But most importantly, it’s the story of the good news that there is no human power so great that it can ultimately thwart the purposes of an all-powerful and all-loving God.

“But Joseph said to them, “Don’t be afraid. Am I in the place of God? You planned evil against me; God planned it for good to bring about the present result ​— ​the survival of many people. “– Genesis 50:19-20 (CSB)

 

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My Evangelical Earthquake

My Evangelical Earthquake

(This is part 2 of reflections on the recent news about my alma mater, The Master’s University. You can read part 1 here.)

Last winter, as part of a family trip to London, we spent an afternoon at the British Natural History Museum. While we were there we encountered an exhibit that replicated what it might have felt like to experience of the 6.9 Kobe earthquake from inside a grocery store. I moved with the throng of other tourists onto the exhibit platform against my better judgment. For most of the crowd, this was going to be little more than an amusement park ride. For me, it would be reliving personal history.  

I was in my final semester of college the morning the Northridge quake literally jolted me awake at 4:45am with tremors so intense my head banged over and over against the headboard of my bed. So when the museum simulation began with its first jolt, the tourists chuckled and squealed, but I fought a full-scale panic attack. When it was over, I had to find a bench to sit on to collect myself.

It was 25 years ago, but the feeling of falling asleep in the safest place you know, only to wake up to pain and chaos, gets into your cellular memory and never leaves.

When I wrote about my journey to and through TMU, I omitted many of the specifics of my upbringing intentionally. The 6th commandment doesn’t come with an expiration date, and the process I’ve followed to try and separate what were objectively influencing factors from my subjective perception of them as a child is still very much in work. It’s sufficient for now to say what I did then –  that the baggage I brought to TMU as a wide-eyed freshman from Australia is precisely what made the Biblical blueprint for life I was taught there so attractive.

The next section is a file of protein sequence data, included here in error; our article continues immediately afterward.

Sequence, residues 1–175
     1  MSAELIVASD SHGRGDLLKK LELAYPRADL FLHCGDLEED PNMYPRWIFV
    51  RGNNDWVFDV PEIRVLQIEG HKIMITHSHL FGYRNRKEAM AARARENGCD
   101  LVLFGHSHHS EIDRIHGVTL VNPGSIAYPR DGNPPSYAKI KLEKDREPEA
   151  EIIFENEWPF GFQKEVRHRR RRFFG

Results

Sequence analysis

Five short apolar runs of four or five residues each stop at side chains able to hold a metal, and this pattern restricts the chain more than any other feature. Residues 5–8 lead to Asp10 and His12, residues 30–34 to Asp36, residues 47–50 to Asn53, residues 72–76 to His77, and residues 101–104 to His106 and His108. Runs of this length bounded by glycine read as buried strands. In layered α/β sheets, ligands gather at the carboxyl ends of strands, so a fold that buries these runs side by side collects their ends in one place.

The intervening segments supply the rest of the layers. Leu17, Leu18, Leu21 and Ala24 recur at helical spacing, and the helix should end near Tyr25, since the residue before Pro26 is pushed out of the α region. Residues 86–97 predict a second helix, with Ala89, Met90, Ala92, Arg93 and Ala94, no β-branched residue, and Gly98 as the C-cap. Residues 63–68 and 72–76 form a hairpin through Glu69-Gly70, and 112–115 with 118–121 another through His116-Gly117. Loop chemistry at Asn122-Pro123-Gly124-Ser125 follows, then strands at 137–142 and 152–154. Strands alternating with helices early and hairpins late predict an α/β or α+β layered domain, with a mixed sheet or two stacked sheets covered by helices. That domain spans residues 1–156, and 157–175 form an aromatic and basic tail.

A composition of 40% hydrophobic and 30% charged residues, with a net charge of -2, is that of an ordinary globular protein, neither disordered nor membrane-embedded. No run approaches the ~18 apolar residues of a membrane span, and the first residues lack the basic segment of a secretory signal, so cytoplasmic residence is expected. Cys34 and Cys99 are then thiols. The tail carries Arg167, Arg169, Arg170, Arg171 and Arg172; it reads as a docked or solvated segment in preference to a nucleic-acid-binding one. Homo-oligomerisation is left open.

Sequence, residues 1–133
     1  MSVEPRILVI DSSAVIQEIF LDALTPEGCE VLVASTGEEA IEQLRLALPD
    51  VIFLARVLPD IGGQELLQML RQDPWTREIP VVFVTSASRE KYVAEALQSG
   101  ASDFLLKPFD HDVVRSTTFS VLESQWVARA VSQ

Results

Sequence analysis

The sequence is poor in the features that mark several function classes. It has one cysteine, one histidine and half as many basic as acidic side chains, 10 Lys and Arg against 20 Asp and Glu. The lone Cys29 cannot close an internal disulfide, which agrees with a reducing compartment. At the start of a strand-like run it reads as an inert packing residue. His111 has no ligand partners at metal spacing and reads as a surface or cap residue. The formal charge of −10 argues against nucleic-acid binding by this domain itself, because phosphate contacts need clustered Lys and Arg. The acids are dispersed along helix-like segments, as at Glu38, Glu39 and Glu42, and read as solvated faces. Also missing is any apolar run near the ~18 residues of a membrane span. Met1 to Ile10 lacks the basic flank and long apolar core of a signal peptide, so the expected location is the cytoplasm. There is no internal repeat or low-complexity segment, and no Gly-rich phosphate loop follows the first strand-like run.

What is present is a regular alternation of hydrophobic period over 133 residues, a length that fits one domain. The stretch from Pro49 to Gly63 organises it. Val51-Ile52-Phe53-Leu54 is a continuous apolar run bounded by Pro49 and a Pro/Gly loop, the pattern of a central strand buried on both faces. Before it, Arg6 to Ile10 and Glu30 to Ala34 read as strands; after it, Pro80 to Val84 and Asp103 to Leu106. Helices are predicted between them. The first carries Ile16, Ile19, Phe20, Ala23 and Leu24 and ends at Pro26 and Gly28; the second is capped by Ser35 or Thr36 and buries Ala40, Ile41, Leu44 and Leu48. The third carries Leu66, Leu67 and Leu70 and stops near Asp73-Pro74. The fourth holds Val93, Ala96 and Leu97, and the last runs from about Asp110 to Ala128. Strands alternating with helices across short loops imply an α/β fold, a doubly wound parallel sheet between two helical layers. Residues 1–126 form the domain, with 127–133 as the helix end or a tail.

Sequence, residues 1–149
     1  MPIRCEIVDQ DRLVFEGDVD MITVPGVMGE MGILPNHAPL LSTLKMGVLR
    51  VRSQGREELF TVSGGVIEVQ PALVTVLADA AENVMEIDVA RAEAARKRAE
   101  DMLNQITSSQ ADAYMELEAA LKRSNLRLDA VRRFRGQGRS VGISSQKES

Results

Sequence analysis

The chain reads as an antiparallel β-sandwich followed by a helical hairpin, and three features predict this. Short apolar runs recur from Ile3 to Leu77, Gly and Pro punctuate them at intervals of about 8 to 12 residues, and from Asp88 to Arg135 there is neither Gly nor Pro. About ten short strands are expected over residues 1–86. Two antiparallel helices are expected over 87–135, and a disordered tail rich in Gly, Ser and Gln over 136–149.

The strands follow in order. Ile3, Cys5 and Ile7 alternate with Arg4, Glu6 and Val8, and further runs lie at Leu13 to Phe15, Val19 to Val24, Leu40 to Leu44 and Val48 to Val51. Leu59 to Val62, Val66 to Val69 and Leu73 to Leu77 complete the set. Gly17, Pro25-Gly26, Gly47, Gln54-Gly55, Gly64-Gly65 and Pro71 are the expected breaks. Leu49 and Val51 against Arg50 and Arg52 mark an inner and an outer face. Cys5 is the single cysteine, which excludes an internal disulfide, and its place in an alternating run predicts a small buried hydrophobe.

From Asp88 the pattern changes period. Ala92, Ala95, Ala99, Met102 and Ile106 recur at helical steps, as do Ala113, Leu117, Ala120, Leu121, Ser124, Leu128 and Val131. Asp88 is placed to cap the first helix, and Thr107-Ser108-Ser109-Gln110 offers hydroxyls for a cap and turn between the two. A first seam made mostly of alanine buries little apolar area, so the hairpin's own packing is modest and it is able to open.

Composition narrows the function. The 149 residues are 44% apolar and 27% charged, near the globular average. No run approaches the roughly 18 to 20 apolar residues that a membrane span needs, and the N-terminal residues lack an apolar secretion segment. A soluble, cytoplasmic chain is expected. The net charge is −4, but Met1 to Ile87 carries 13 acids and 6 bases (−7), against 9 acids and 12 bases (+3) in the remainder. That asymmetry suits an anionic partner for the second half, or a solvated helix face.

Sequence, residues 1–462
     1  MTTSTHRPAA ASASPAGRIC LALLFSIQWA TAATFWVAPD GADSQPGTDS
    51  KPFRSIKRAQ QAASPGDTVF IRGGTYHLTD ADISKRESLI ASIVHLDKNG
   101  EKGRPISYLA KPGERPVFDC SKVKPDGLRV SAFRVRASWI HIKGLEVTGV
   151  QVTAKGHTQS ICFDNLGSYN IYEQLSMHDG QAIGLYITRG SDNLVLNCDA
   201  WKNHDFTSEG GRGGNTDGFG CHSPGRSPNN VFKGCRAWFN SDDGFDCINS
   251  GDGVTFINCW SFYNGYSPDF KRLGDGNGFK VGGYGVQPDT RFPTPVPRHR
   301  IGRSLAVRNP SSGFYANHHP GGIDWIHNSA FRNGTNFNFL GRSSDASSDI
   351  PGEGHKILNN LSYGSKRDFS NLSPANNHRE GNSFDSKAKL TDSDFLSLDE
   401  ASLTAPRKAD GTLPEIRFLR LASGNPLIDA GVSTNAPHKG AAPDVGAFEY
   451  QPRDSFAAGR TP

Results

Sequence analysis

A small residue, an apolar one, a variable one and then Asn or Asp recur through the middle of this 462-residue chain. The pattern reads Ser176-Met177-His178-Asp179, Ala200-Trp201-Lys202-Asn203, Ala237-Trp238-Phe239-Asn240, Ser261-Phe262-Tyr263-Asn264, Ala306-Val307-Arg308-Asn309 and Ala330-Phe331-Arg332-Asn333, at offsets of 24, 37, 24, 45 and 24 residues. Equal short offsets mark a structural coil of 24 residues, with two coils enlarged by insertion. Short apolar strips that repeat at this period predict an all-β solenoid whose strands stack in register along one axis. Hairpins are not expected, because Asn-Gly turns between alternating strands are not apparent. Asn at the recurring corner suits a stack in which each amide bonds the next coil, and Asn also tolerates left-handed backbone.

It wasn’t that the authority and submission framework was compelling in and of it itself- it was the promise of spiritual and circumstantial safety that came with it that drew me in.

The language of the spiritual danger of the evils of culture and lies of false doctrine spoken at TMU was the language I’d heard spoken all my life. Its familiarity was reassuring. Heresy was everywhere, and falling prey to it was as simple as reading the wrong book or accidentally striking a yoga pose at the gym. So we read books by all the “right” people (heavy emphasis on the Puritans, Calvinists and anything by John MacArthur), and were warned about all the “wrong” ones (secular psychologists, the Charismatics, anything by Beth Moore).  We learned which sociopolitical issues were essential for Christians to care about (abortion, marriage), and which were dangerous (feminism).

But while these outermost walls of spiritual safety were designed to protect our souls from dangerous theology or worldliness, we still needed a working system for living inside them.

That’s where complementarianism came in.

In the complementarian blueprint as I was taught it, men and women were created to function in very distinct, almost oppositional roles. Men lead, women followed. Men were made to crave risk, women security.

Screen Shot 2018-09-09 at 5.35.24 PM.png

https://www.gty.org/library/sermons-library/52-6/parental-pictures-of-spiritual-leadership-part-2

The woman’s domain was the home and child raising, the man’s, everything else. God made male leadership and authority to serve as a protective shield for women, to create an atmosphere where women would be happy, fulfilled and secure.  To live inside this framework was to enjoy safety, stability and the blessing of God; to step outside it was to be in step with the world, the flesh and the devil.

Screen Shot 2018-09-04 at 1.32.54 PM

https://www.gty.org/library/sermons-library/54-17/gods-high-calling-for-women-part-4

I didn’t grow up in this kind of warm, stable environment, and I felt its lack acutely. Moreover, as a young believer, I longed for God’s love and approval more than anything else. And so I built my life according to the blueprint I was taught, at a significant cost that I willingly paid as an act of sacrificial obedience to God, believing that God would bless me.

Eventually, my understanding of the gospel matured so that I came to understand and experience the freedom of knowing that the basis of God’s love for me isn’t my obedience, but Christ’s. And so I began to live more freely, even as the ecosystem of my family’s life operated according to what the complementarianism model taught at TMU and GCC would define as ideal – every aspect of it aligned with doctrinal orthodoxy and overseen by committed Christian men.

Then the tremors began.

It started with the discoveries that the history of my spiritual forefathers I’d been taught had been majorly revised. I’d been taught all about their orthodox doctrine, but next to nothing of their heterodox practices – their advocacy for slavery, their propping up of racial segregation, their passive and active resistance of the Civil Rights movement – all of it in the name of doctrinal orthodoxy.